4. Don’t let loss aversion make you forget what you can truly afford. There is an interesting imbalance in most of our brains, when it comes to our financial decisions: We are more afraid of losing money (and financial opportunities) than we are attached to acquiring gains. That is, our fear of loss is much, much greater than our emotional attachment to potential profits.
In homebuying, this most often manifests when house hunters lose their minds and cut the purse strings entirely to secure a hot home in a hot market. This is the same mindset that has kept homeowners stuck in homes in depressed markets: Some unemployed and underemployed homeowners have even forgone great job offers in other areas, committed to spending what might be dozens of years in the very worst local economic markets, all to avoid short-selling the place and taking a loss.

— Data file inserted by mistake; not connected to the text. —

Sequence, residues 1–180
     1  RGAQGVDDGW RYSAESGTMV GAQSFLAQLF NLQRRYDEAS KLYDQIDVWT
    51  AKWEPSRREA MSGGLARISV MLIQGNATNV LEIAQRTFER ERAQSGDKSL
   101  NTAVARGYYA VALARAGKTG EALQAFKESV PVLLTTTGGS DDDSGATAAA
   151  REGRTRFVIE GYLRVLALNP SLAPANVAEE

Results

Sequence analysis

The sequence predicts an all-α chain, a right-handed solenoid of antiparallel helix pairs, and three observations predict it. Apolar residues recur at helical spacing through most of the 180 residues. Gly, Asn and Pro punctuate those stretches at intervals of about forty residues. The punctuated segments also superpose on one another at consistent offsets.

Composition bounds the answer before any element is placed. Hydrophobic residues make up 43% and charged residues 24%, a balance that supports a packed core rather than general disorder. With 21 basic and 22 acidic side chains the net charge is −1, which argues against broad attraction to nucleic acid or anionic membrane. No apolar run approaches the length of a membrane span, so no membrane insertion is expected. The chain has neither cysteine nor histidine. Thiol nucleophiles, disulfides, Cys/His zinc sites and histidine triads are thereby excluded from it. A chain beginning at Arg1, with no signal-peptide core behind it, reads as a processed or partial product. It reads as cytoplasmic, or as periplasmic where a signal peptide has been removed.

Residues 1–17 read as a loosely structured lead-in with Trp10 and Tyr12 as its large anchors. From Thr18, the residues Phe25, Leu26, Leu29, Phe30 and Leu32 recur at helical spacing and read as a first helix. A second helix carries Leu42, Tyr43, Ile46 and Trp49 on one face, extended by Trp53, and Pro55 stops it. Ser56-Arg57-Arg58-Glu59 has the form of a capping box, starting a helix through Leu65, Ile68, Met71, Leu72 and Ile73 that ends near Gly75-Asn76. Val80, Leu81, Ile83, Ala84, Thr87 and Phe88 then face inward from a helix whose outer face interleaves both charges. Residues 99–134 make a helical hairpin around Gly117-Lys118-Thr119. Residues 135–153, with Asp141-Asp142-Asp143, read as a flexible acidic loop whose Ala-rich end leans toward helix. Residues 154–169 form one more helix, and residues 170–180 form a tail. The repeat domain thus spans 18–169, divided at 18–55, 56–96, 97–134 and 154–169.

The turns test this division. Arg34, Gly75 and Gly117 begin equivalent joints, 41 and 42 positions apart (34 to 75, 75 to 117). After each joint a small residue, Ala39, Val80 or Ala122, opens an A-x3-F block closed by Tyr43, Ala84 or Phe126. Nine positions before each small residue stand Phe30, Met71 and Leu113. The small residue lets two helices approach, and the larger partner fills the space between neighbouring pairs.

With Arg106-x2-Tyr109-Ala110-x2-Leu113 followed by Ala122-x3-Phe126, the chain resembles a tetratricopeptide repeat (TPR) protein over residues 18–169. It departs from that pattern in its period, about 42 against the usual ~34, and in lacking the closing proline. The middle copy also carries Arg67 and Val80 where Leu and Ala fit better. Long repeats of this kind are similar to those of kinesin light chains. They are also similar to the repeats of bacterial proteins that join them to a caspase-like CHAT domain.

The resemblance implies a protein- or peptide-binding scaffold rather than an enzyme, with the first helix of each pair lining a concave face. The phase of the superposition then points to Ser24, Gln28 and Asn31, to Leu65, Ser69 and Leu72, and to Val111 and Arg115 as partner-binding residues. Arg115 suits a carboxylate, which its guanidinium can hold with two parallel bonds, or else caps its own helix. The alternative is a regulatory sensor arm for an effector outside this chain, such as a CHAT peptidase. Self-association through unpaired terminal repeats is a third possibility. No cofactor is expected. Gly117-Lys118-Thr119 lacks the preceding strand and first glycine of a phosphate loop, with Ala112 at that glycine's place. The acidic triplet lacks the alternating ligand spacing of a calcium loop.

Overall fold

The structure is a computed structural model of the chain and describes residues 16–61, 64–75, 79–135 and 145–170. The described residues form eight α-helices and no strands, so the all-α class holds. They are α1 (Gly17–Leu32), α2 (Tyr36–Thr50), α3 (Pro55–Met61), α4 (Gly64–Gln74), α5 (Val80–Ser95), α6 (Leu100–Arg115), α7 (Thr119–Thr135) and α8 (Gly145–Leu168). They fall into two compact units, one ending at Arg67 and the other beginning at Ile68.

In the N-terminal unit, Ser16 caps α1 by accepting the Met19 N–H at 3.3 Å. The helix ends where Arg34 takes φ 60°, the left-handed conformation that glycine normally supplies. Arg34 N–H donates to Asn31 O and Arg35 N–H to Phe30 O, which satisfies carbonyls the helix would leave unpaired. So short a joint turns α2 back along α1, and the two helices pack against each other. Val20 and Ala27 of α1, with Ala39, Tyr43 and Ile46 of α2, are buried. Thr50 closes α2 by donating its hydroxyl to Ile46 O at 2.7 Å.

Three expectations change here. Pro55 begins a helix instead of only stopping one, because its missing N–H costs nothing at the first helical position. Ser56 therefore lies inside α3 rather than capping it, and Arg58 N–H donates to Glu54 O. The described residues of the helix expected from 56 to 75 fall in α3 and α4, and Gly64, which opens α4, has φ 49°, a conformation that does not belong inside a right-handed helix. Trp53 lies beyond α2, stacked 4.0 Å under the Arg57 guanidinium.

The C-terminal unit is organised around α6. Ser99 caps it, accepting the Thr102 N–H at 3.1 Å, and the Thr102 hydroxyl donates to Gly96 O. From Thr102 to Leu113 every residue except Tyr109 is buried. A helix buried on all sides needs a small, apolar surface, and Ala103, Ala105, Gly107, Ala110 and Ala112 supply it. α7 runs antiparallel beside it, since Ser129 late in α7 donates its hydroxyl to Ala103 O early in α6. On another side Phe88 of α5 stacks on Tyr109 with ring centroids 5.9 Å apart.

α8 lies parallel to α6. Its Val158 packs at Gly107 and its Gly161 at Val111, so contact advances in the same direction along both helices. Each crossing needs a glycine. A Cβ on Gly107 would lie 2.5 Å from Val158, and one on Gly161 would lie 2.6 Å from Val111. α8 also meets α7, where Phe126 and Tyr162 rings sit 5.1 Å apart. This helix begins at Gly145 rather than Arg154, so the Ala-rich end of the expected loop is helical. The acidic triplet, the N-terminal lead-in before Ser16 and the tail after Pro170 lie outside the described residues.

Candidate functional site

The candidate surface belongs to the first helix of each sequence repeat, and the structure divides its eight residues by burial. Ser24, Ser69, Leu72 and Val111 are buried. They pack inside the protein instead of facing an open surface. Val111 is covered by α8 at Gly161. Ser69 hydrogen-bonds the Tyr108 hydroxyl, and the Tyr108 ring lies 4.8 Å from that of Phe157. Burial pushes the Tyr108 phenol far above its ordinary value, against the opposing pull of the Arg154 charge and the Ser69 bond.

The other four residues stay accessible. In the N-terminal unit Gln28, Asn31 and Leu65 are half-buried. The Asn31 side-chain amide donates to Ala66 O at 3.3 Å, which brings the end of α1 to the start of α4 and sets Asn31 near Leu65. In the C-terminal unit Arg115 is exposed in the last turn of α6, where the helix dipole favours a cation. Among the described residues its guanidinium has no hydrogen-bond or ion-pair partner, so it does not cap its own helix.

I’ve seen people do very, very scary things out of loss aversion, from simply (but devastatingly) overextending themselves to buy homes they can’t afford without endangering their financial well-being, to taking mortgages they knew would adjust problematically in 12 months. What’s even more dysfunctional, though, is avoiding the “loss” of a target property by taking gifts and loans from relatives who you know upfront will be less than cheerful givers and who you know upfront will never let you hear the end of it.